How Scrum has killed Agile

In the beginning, there was darkness the waterfall, and it was bad, terribly bad. For some reason, we thought building software was the same as building an actual building, so we ended up with a pile of papers, endless meetings, stiff processes, and no software delivered.

In that dark times, the fear of change was constant; whenever a change was introduced in the software development cycle, it meant going back to square one, restarting long meetings, rewriting documentation, and getting approvals.

Later, IBM started pushing RUP (Rational Unified Process), a sort of iterative waterfall, which replaces the long cycles of the waterfall with shorter ones, a step in the right direction some would say, even though many companies just ignored the iterative part.

But corporate had metrics and a false sense of control, so they were happy, or they thought so. In the first years of the ’00s, a new hope joined the game; the Agile Manifesto was published, a simple, concise manifesto with clear sentences showing what software development should focus on:

  • Individuals and interactions over processes and tools

  • Working software over comprehensive documentation

  • Customer collaboration over contract negotiation

  • Responding to change over following a plan

It embraced the nature of software development as a process in constant evolution instead of requiring a rigid plan.

It was music to our ears, and I couldn’t wait to put into practice what they proposed, along with some techniques from Extreme Programming (TDD, pair programming). So, I decided to pitch it to the management of my company at that time, and their response was something along the lines of “We have built software for fifteen years; we know how to do it, and this Agile thing is only for small companies.”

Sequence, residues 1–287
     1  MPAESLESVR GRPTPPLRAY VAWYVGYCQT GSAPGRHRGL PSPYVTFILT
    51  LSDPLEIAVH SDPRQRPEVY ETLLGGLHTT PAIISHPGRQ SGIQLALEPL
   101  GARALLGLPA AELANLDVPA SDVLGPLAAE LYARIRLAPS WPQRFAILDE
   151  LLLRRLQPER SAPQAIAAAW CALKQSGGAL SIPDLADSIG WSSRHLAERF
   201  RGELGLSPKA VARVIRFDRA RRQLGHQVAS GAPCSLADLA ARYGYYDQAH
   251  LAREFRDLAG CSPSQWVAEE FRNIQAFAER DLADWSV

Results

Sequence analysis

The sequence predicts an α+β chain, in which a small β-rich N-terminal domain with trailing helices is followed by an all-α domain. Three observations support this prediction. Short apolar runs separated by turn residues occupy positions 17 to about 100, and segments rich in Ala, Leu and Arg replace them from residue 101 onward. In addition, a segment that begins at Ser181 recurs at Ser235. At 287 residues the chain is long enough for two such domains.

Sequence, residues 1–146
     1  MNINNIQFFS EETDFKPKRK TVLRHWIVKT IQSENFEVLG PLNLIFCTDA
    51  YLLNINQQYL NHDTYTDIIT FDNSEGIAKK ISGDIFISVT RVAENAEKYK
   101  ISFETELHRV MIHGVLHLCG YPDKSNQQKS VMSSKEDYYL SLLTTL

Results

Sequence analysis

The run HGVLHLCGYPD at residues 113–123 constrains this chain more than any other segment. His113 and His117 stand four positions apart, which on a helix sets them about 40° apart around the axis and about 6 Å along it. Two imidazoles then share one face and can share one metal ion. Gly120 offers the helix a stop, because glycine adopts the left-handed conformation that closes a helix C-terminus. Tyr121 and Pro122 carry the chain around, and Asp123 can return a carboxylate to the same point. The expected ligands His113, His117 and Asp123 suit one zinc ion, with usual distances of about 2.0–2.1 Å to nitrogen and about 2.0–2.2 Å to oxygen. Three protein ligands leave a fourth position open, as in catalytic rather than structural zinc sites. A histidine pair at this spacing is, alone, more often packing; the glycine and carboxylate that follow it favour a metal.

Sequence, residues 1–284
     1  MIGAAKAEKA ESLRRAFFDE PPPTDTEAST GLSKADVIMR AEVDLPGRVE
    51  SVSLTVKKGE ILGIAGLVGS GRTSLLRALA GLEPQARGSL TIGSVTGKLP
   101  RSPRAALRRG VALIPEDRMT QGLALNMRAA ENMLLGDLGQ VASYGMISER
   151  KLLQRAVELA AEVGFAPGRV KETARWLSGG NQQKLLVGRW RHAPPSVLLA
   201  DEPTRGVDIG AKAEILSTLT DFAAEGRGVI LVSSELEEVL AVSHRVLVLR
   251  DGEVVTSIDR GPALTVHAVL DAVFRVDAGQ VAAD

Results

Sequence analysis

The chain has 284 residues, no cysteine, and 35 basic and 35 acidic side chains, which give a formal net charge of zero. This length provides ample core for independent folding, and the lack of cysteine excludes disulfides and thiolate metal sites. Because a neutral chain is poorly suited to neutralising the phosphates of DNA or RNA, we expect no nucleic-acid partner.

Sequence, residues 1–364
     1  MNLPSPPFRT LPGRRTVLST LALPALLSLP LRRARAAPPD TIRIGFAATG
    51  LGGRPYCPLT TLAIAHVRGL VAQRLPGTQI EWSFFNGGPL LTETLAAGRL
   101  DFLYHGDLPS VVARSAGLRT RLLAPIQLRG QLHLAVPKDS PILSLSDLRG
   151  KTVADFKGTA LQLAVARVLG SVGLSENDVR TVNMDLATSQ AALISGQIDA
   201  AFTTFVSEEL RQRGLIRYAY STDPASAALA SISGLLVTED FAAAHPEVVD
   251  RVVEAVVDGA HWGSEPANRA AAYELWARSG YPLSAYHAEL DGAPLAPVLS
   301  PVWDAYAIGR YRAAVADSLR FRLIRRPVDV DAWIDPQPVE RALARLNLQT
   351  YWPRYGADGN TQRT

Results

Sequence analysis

A bummer, but only for a short time; Agile soon started to proliferate like fire, but something was off; it came in the form of Scrum. Now, 20 years later, Scrum is almost synonymous with Agile, but not that Agile from the Manifest, a new form of Agile hijacked by corporate that barely has any semblance with the old one.

To be able to sell the Agile idea to businessmen, they had to adapt it until the point it was not what it was proposed anymore. In order to keep managers happy, metrics and processes were introduced so they could regain their false sense of control. Processes and tools slowly replaced individuals and interactions. More and more, Scrum was becoming a monster of meetings and documents.

So instead of cultivating a team where everyone feels free to speak at any time about anything, valueing individuals. We now have Sprint Retrospective, Team Health Check, and many other useless meetings with predefined processes, going exactly against the Agile Manifesto.

I won’t even talk about the abomination of Scrum Poker; I’m sure some heartless sadist created it. But wait, with all these, the managers can print nice graphs of velocity or some other useless graph that give them this false feeling of control, which again goes against the Agile Manifesto, but who cares about it at this point, right?

To be honest, I met so many “Scrum Masters” who didn’t even know the existence of the Agile Manifesto, as if it is erased from software development history.

But don’t take my word for it; listen to what people like Allen Holub and Uncle Bob have to say.


All in all, we are moving in the wrong direction, we let business people decide how software engineering should work for so long that now what we call Agile is not much different than the RUP, and we are all witnesses of the slow death of Agile, killed by Scrum.

Written on October 6, 2022